I agree. Beyond, working with other humanitarian organizations on this issue, I know that you are also involved with other organizations on the issue of rape. Now, one of the findings on rape is that it is a weapon used for subjugating women and actually taking away their sexuality - my question is do you ever work one on one with any of these victims?
I have spoken to a couple of victims and it is a sad experience. It is actually very hard. The woman has to decide when to let go because the experience could really mess you up if you let it.

Beyond speaking with some of the victims, what else are you doing in other to change the mind set?
The issue is that Liberia just got out of a war a couple of years back. It is a psychological state of mind, so the U.N (United Nations) is working a lot in changing the psychology of men. It is a new phase that Liberia is going through so that its citizens know that the country is theirs and they decide what happens to it, what futures they want for it and what future they want for generations to come. It has been very effective, people are beginning to dialogue and they realize that it is a new dawn and we need to start to do something differently. I have spoken to some of these men who didn't really know what they were doing, they were basically following instructions. I believe the mind set is changing, at an event that I attended in Liberia, after the speech was given, I heard thousands of men get up and they started chanting, "no more rape". That is a start.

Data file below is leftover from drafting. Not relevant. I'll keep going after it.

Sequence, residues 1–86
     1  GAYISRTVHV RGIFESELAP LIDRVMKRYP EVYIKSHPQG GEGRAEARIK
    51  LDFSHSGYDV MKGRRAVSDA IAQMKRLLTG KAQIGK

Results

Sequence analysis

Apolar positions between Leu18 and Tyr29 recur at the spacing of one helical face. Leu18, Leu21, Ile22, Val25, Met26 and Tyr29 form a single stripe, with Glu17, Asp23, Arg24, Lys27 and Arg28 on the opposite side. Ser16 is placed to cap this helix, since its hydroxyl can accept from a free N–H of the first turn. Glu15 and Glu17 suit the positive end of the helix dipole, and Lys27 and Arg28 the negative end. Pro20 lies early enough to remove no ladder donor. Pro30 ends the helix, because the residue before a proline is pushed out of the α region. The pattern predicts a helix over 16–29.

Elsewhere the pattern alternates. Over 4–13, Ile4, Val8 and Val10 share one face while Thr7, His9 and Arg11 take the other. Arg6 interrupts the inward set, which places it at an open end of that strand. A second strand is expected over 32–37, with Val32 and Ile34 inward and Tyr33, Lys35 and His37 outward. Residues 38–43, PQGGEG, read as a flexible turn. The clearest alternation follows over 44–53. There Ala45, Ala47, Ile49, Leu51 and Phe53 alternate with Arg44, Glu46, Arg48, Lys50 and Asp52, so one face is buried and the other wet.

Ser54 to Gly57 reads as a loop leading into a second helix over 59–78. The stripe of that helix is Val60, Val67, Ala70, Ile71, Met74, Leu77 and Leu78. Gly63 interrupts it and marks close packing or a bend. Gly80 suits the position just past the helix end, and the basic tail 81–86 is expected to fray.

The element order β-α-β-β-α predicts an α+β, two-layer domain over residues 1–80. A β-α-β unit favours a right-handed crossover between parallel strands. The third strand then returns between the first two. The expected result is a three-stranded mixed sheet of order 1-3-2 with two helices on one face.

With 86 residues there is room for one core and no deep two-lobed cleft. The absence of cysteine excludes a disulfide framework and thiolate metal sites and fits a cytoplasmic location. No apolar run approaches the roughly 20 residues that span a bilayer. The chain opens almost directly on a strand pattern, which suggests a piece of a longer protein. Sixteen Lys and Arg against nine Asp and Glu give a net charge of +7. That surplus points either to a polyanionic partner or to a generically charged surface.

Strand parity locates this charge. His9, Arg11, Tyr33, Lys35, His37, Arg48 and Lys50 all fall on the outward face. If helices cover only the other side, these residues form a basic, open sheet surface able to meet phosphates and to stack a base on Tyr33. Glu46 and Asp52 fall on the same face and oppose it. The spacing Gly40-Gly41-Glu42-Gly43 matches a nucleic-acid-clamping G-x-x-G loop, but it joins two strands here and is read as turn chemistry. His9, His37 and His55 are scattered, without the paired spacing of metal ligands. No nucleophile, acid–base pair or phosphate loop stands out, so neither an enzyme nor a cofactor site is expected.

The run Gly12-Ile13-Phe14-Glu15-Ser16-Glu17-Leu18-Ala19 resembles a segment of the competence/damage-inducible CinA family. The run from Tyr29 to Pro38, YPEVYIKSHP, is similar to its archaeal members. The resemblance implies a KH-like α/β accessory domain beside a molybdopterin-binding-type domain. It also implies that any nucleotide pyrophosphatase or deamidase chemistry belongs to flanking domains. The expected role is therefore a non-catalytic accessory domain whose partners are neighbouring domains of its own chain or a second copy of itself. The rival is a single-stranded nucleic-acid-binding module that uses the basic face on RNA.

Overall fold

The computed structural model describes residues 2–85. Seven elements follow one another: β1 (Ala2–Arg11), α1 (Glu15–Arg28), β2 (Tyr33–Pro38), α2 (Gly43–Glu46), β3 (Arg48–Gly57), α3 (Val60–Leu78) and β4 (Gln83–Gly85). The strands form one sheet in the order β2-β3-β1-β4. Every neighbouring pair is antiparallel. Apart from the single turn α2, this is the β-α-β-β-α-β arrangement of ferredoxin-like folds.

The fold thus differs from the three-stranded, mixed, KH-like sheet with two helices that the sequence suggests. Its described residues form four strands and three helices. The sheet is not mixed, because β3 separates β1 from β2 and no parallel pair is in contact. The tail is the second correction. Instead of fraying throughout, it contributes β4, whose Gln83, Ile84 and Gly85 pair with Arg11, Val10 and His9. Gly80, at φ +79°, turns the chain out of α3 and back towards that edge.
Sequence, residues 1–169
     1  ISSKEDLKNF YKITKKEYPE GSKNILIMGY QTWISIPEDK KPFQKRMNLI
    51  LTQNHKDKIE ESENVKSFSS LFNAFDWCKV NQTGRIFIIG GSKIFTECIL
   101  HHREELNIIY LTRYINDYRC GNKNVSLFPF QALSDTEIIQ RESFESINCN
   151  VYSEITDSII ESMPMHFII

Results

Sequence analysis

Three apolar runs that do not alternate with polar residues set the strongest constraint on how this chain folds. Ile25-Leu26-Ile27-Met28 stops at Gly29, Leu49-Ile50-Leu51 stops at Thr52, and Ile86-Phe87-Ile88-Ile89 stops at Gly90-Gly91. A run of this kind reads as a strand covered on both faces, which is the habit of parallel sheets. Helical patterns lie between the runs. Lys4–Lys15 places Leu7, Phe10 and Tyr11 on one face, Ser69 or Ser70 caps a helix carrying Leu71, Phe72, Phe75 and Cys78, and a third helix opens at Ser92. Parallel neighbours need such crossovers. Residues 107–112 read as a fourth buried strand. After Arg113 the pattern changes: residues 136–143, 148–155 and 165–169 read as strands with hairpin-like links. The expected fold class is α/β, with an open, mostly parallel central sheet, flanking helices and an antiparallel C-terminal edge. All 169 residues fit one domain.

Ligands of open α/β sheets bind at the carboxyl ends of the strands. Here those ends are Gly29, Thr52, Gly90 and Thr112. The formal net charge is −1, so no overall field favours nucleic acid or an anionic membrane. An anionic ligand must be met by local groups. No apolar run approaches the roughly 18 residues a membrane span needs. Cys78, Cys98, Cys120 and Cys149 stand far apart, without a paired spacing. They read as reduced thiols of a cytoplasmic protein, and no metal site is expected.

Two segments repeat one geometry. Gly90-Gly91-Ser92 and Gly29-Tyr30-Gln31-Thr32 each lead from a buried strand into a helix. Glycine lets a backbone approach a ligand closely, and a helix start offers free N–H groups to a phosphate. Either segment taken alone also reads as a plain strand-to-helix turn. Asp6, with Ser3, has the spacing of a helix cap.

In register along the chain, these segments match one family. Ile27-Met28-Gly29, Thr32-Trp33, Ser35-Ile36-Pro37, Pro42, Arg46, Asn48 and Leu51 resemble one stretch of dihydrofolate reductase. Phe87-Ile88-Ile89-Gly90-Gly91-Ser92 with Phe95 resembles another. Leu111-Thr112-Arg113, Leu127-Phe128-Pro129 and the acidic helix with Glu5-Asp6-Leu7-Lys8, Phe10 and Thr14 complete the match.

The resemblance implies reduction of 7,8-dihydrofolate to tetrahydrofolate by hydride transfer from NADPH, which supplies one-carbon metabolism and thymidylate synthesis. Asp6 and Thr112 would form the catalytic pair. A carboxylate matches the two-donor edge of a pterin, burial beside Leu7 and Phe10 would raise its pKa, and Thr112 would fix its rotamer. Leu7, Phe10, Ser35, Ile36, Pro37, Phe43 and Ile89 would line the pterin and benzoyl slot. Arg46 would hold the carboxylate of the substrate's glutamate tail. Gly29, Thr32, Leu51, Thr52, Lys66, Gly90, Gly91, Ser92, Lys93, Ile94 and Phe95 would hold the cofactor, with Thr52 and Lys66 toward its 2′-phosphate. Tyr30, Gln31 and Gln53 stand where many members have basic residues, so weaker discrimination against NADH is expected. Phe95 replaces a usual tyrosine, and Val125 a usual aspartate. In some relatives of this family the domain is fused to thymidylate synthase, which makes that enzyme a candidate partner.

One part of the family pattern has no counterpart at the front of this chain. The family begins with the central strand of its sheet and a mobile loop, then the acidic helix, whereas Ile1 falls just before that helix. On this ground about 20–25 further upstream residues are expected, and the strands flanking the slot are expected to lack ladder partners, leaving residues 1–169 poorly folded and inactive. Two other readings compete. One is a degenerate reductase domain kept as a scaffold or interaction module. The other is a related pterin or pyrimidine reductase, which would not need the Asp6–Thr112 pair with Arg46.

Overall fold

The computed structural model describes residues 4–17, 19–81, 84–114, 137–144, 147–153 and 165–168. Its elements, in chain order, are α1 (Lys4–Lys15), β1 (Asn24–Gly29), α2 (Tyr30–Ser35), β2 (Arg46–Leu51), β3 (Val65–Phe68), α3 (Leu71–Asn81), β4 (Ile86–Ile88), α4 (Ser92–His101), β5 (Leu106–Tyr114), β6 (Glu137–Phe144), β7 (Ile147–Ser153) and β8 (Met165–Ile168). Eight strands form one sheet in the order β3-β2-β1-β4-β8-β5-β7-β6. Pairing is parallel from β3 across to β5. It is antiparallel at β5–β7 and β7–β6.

Are there other issues that you are involved in beyond these?
Yes, I am working with the Red Cross and we are raising monies to build hospitals all over the state to give free medical care to the poor. That was one of the projects I was working on before I came to the states.

How will you be staffing these facilities?
We have support coming from America, Canada, Japan and they will be giving us the equipment, support, personnel and all that. As you know, the Red Cross is a big organization and they are really working hard to help us out.


My introduction to Vesicovagina fistula was via a program called Dateline which ran every Sunday, in Lagos, Nigeria in the 90's. I remember watching a story in which a young girl (less than thirteeen years(13) ) from the North was being forced to marry a much older man and she ran away from home to avoid that marriage. I remember Frank Olizie (the TV anchor for that show) tying a potential marriage, to pregnancy and highly likely this abhorrent medical condition which is very expensive to cure. I remember my heart going out to these young girls who were about my age and I remember thanking God that I have enlightened parents who will never do that to their young daughters. But, in retrospect, I realize that their stories (these young girls) could be my story if I were born in a different home and a different time,so I was very excited when I learnt that Stephanie Okereke is involved in fighting for this cause.
I think it is commendable that she is involved in more than just acting and directing movies. Her own directing debut, "through the glass" will be out in November, 2008 in the U.S.A. I wish her a lot more success and if any of you will be around the Apollo Theater in Harlem, New York on Saturday, September 6th 2008, please go, meet her and say hi. She will be there by 3 pm and she is very open to meeting and making new friends.